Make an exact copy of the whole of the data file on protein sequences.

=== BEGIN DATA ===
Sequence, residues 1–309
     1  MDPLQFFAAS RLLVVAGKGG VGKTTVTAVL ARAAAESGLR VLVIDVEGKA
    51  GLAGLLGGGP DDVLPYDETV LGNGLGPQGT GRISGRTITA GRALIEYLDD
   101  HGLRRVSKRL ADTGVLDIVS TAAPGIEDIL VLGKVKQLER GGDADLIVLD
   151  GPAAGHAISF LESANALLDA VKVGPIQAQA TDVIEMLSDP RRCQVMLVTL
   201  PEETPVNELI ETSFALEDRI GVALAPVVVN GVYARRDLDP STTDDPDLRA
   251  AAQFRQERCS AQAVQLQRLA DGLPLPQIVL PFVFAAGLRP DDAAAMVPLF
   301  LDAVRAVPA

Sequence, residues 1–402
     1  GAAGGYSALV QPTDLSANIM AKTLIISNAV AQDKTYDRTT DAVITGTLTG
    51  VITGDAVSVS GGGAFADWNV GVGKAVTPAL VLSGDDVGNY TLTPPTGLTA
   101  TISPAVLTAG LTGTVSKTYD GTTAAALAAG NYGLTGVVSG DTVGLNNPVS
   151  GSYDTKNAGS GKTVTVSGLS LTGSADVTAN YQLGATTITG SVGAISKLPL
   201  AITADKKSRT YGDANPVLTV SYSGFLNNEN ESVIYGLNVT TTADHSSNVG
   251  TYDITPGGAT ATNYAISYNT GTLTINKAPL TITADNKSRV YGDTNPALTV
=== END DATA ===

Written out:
Sequence, residues 1–309
     1  MDPLQFFAAS RLLVVAGKGG VGKTTVTAVL ARAAAESGLR VLVIDVEGKA
    51  GLAGLLGGGP DDVLPYDETV LGNGLGPQGT GRISGRTITA GRALIEYLDD
   101  HGLRRVSKRL ADTGVLDIVS TAAPGIEDIL VLGKVKQLER GGDADLIVLD
   151  GPAAGHAISF LESANALLDA VKVGPIQAQA TDVIEMLSDP RRCQVMLVTL
   201  PEETPVNELI ETSFALEDRI GVALAPVVVN GVYARRDLDP STTDDPDLRA
   251  AAQFRQERCS AQAVQLQRLA DGLPLPQIVL PFVFAAGLRP DDAAAMVPLF
   301  LDAVRAVPA

Sequence, residues 1–402
     1  GAAGGYSALV QPTDLSANIM AKTLIISNAV AQDKTYDRTT DAVITGTLTG
    51  VITGDAVSVS GGGAFADWNV GVGKAVTPAL VLSGDDVGNY TLTPPTGLTA
   101  TISPAVLTAG LTGTVSKTYD GTTAAALAAG NYGLTGVVSG DTVGLNNPVS
   151  GSYDTKNAGS GKTVTVSGLS LTGSADVTAN YQLGATTITG SVGAISKLPL
   201  AITADKKSRT YGDANPVLTV SYSGFLNNEN ESVIYGLNVT TTADHSSNVG
   251  TYDITPGGAT ATNYAISYNT GTLTINKAPL TITADNKSRV YGDTNPALTV